Photographer Fred Lyon was born in San Francisco in 1924, and he calls himself a "third or fourth generation native." He grew up around the Peninsula, and got into photography in high school – "because cameras were cool and I thought it would be a good way to get girls," he told me. "Guess how that turned out."
I'd say it turned out very well for Fred – after stints in DC photographing the navy and the White House, and in New York shooting for the big fashion houses, he moved back to SF in 1946 and starting freelancing for such prestigious and popular magazines as Vogue, Glamour, Life, and Seventeen. He captured a city that was captivating the country, and has ventured into everything from food and fashion to wine, news, and architecture as subjects. His work has morphed from print to fine art, as his gorgeous photos hang on the walls of galleries and in collectors' homes. "But I'm still dancing out on the edge," he jokes, "pushing my luck, and living beyond my means."
You'll soon be able to collect Fred's work in hardback book form with the release of San Francisco, Portrait of a City (1940-1960), which comes out this September (you can pre-order a copy now – seems like an awesome gift for any San Franciscan). And you can see his work in person at an upcoming solo show at the Harvey Milk Photo Center on Nov. 8.
These photos are just a little teaser of what's to come in Fred's book, and I took the upcoming release of San Francisco as an opportunityto ask him questions about himself and the city he's so elegantly photographed. It's amazing to see San Francisco and its neighborhoods through his lens.
If you had to describe the San Francisco you captured for your book in a few sentences, what would you say about it?
San Francisco in the 1940s and '50s was exuberantly optimistic as it emerged from the restraints of World War II. Smog hadn’t been invented, so everything seemed bright, perhaps just awaiting a fresh coat of paint. All the same landmarks were in place, just smiling for my camera. It all felt like New Year’s Eve.
What was the one thing that made you fall in love with SF most?
The people, of course. But, as today, they’re set against this bold, graphic backdrop of hills and bridges and water, proclaiming, “We’re different. We’re dancing out on the edge of the continent, the frontier, the Gateway to the Orient.”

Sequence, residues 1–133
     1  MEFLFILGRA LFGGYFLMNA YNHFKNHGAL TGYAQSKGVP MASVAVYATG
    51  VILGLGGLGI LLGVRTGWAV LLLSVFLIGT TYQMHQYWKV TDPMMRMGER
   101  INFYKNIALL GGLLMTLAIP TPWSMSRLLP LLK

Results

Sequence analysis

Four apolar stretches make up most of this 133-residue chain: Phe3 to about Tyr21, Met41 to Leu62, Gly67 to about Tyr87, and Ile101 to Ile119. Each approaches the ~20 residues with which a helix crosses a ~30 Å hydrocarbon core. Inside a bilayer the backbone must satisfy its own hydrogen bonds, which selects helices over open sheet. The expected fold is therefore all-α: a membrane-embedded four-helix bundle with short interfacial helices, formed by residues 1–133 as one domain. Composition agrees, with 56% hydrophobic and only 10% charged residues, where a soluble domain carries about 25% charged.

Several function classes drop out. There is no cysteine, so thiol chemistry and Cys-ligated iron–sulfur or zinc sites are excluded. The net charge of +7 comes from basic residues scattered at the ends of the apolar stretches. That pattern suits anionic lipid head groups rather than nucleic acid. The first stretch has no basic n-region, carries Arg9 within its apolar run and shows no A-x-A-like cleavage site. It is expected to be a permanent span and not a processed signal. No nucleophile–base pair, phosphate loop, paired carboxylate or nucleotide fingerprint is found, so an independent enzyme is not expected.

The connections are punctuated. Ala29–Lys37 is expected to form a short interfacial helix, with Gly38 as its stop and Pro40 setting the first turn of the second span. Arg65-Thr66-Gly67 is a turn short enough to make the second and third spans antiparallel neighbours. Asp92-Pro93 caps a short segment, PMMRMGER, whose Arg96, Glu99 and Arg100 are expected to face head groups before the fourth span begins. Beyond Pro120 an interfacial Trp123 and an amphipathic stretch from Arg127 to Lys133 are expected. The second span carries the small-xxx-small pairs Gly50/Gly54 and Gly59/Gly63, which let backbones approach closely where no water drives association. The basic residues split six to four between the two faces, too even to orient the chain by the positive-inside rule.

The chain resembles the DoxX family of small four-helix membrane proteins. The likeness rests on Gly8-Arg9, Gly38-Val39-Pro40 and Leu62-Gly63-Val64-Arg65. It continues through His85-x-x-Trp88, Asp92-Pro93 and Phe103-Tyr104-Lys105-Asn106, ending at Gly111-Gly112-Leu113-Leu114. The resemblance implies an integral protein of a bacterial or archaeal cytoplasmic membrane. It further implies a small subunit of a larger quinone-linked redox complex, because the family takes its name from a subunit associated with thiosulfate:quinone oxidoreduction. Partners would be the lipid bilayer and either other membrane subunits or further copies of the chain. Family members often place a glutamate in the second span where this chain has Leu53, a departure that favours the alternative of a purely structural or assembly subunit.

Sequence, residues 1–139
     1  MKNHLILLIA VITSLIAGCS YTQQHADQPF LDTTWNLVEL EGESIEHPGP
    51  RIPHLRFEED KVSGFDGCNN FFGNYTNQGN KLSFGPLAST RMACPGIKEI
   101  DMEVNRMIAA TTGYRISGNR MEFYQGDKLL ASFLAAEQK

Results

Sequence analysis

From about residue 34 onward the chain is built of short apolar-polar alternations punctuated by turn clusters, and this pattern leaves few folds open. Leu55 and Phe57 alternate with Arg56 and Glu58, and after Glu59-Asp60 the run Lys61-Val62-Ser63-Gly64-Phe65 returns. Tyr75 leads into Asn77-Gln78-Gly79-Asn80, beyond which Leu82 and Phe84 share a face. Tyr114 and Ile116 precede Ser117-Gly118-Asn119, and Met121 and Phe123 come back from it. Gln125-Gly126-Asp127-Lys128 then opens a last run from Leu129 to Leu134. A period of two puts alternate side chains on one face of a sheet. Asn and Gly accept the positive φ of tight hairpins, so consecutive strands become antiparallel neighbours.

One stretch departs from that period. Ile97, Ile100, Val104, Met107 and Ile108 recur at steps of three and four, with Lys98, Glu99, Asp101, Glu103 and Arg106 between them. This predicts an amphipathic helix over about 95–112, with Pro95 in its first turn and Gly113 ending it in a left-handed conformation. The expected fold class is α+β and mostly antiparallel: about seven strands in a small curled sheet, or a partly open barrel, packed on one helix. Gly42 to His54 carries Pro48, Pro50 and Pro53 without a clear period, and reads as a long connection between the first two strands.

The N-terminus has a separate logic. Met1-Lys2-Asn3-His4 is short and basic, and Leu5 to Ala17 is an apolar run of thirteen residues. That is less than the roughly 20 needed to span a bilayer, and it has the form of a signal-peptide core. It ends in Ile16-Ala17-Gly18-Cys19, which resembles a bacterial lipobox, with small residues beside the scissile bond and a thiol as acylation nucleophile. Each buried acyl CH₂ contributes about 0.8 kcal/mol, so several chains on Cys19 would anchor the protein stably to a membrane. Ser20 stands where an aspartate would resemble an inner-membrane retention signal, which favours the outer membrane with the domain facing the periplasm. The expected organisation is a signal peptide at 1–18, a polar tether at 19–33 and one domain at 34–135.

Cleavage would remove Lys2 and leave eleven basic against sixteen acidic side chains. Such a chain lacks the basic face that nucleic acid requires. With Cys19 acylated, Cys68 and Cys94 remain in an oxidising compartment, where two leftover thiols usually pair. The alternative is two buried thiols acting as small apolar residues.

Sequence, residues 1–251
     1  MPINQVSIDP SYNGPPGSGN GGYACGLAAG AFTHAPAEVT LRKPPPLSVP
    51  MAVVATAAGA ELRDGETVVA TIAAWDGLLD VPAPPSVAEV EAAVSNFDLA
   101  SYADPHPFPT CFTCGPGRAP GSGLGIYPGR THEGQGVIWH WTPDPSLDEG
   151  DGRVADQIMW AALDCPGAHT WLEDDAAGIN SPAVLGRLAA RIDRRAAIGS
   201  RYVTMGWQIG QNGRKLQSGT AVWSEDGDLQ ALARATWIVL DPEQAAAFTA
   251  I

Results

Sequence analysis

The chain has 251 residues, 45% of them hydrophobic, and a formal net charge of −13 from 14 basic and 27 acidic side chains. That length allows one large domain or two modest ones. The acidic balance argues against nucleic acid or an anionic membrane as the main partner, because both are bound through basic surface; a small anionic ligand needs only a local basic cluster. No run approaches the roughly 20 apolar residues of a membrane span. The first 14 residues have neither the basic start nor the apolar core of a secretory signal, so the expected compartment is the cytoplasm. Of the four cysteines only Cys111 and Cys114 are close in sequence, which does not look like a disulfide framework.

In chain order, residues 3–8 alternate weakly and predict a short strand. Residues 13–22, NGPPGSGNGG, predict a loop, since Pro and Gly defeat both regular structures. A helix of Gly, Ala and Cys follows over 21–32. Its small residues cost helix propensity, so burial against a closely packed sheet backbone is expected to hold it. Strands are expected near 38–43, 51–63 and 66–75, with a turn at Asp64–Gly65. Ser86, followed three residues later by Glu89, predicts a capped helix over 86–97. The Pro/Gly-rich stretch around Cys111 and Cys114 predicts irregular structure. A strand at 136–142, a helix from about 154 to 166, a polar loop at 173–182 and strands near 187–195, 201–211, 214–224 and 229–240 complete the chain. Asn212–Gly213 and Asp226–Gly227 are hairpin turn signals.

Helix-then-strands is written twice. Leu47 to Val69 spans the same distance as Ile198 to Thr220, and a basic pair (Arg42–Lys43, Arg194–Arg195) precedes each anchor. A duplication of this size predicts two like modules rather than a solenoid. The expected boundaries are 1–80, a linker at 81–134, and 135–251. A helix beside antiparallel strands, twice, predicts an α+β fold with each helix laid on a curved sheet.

What are the threads connecting the San Francisco in your book and the city now?
So many icons are still in place, but perhaps not unchanged. The old ferryboats no longer ply the bay, but there are new ones. Phone booths have disappeared, as have newsboys. Fewer children play in the streets. Still, the fog does its magic and sailboats on the bay look like toys.
Do you follow much of the discussion about changing San Francisco in the media? If so, what is your take on the nature of the change the city is going through now?
Let’s hope the media continues to spotlight the changes. The West has always thrived on diversity and we all need to work to maintain a balance as prosperity strains our resources.
Why did you choose to cap the San Francisco you're collecting in your book to the years 1940-1960?
The book was conceived in black-and-white, the visual language of that era. Photojournalism, particularly for magazines, went almost exclusively to color in the '60s. That made the choice of those two decades obvious and manageable.
Have you always lived in San Francisco since you moved back here? And what neighborhoods have you lived in?
Mostly, Sausalito was home, with its steep hills and views over a jumble of tile roof tops to the ever-changing skyline of the city across the bay. In the 1980s we moved into SF where I had my studio. So it’s been SOMA, Potrero Hill, Pacific Heights, the Marina, and now Cow Hollow.
Do you have much family in SF now?
Well, my wife and I live close to the Presidio; her oldest son is a sports TV producer here and lives in Oakland. My two sons and their wives live in Sausalito.
How would you describe the city now?
As all vibrant cities must be, this one is a work in progress. There’s lots of room for argument, but again the people of imagination are driving progress with that frontier spirit that has dominated life here.
How did you get those stunning aerial shots of Golden Gate Bridge?
Aerials have always been a useful way to position my camera for subjects that need to be explained visually from that position. But I often prefer lower, tight shots for a feeling of intimacy. At any rate, the pilots who fly photographers are very conscious of the 500 foot ceiling over populated areas and refuse to risk their licenses by going lower. Early on I detected a loophole in that restriction and exploited it flagrantly: There’s a seaplane base in Richardson Bay, at the North end of Sausalito, and the float planes have no altitude restrictions over water, since one could be making an approach for a landing. Voila! Simply by staying over water the problem was solved. Sneaky, but effective.
What else are you working on these days?
One of my pet projects has been my collection of black-and-white photos of Paris from the past 50 years. I’m trying to sneak up on some weak-minded publisher to make it a book.
You can see 30 of Fred Lyon's prints on Nov. 8, when an exhibit of his work opens at the Harvey Milk Photo Center, where it will hang for six weeks. There will be a screening of the documentary Fred Lyon, Living Through the Lens on KQED and at the SF Public Library on October 2, with an author Q&A and a book signing. On October 22 – 26th, the San Francisco Fall Antique Show will feature a major collection of prints from the book, plus a talk on Saturday, October 25th and a book signing.
All photos courtesy of Fred Lyon
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